Raised on Preserves

Growing up on a small Vermont homestead, I was often put to work harvesting and preserving the seasonal bounty. We had a two-acre garden and miles of wild fruits and berries to sustain our family of six. I helped fill five-gallon buckets with blueberries and wheelbarrows with cucumbers, and took hikes through the woods with my dad to find hidden apple trees. After the harvest, I would help my mom fill row after row of mason jar with tomatoes, dilly beans, raspberry jam, apple butter, and cucumbers, just to name a few. Months later, with our home covered in snow, we’d fill our bellies with the fruits of our labor.

Though I no longer live in the country, I’m often reminded of that life when the plum trees of Seattle are overflowing with fruit. A few weeks ago, a friend and I biked to the house of a neighbor, who had more plums then he knew what to do with, and picked about twelve pounds worth. We then sat around chatting while we pitted the plums, cooked, and filled jars with sweet, velvety plum jam.

If you know where to look and what to pick, a country life can be found, even in a bustling metropolis.

Here’s a recipe for plum jelly from Canning & Preserving Your Own Harvest, a handy offshoot of The Encyclopedia of Country Living.

Canning and Preserving

Plum Jelly

Most old neighborhoods seem to have at least one ancient plum tree, buzzing with yellow jackets and laden with fruit that goes unpicked. Don a protective long-sleeved shirt and brave the wasps for the makings of this beautiful jewel-toned jelly. Different varieties of plums will yield slightly different results as their natural pectin levels vary. Damson plums are very tart with acidic skins and are much higher in pectin than other plums, for example.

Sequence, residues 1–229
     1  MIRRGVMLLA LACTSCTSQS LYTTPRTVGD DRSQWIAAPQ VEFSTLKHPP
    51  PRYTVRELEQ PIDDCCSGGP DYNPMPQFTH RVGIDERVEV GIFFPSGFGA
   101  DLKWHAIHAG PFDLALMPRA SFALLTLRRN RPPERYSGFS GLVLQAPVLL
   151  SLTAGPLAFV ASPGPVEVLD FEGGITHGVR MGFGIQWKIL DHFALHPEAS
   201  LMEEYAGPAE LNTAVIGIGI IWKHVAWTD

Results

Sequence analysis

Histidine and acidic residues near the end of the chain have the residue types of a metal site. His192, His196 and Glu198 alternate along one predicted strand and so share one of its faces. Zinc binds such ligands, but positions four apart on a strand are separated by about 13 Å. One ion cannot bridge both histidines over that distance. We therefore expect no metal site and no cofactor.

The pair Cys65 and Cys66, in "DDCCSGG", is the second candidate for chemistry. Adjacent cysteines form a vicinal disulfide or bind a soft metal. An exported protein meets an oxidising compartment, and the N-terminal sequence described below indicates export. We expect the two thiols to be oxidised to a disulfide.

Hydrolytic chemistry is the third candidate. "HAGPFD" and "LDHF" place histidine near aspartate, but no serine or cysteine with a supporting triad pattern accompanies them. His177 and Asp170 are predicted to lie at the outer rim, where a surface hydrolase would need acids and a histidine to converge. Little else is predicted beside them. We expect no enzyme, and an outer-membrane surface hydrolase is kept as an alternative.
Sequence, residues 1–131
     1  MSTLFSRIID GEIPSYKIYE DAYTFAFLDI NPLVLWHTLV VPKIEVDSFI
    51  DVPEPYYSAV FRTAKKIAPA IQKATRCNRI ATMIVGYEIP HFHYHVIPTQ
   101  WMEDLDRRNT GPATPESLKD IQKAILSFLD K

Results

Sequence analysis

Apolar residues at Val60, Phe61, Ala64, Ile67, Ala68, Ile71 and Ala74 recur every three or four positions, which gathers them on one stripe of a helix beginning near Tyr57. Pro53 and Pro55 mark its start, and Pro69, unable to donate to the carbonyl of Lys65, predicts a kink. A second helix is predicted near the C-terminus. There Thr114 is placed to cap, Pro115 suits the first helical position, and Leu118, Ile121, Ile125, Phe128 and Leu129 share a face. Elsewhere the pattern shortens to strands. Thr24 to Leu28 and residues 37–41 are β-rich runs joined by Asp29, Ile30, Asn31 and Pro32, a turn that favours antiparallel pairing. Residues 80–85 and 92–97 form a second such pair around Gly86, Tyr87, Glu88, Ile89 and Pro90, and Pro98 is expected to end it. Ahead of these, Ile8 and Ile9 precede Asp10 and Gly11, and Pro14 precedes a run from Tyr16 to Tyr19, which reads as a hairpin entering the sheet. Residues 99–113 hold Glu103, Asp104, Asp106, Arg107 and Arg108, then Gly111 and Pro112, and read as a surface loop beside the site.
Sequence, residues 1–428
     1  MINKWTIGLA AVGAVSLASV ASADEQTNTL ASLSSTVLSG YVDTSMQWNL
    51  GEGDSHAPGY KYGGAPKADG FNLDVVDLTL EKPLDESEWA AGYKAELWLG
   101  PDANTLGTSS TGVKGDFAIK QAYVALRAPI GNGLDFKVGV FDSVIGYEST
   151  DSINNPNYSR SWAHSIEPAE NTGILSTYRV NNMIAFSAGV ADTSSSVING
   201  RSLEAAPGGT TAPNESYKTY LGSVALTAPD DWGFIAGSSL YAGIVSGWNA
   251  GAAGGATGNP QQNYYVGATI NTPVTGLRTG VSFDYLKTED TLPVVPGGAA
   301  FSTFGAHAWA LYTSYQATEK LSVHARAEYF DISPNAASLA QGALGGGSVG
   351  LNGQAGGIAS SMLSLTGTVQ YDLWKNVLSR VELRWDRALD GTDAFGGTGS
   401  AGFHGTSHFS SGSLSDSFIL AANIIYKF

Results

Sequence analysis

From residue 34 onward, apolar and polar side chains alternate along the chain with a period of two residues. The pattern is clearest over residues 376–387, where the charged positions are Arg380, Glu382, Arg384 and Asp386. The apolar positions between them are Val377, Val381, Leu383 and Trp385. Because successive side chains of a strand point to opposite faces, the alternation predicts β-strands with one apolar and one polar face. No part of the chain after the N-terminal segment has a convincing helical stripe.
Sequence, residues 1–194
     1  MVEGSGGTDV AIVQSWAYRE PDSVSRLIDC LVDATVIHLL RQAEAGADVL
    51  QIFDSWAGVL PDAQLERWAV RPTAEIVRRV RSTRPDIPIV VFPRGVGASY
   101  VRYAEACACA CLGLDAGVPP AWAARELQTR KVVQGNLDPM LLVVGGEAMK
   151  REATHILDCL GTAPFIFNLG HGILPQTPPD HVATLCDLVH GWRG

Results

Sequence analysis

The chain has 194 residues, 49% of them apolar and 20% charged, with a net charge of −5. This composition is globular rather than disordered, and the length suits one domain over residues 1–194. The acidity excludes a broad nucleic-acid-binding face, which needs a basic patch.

Season: Mid- to late summer

Yield: 6 cups

Store: Cool, dark pantry

4 pounds Italian prune plums, halved and pitted (at least

1/4 of which should be barely ripe)

2 cups water

3 to 4 cups sugar

3 to 5 tablespoons lemon juice

Place the plums and water in a saucepan and bring to a boil. Simmer until the fruit is very soft, 15 to 20 minutes.

Transfer the fruit to a dampened jelly bag or cheesecloth-lined colander suspended over a bowl. Drain for several hours to fully extract the juices. The yield will be about 4 cups. Do not press on the fruit, squeeze the bag, or try to hurry the process in any way—if you do, you will cloud what should be a rosy-golden, crystal-clear juice.

Measure the strained juice into a preserving pan and add 1 cup of sugar for every cup of plum juice; taste, adding lemon juice to make the fruit pleasantly tart.

Heat the mixture over medium-high heat to bring it rapidly to a boil, stirring constantly until the sugar dissolves. Cook the jam until it reaches 220°F on a kitchen thermometer. Remove from heat.

Carefully ladle the hot jelly into hot, sterilized half-pint jars, allowing 1/4 inch headspace. Use a water-bath canning technique and process for 10 minutes.

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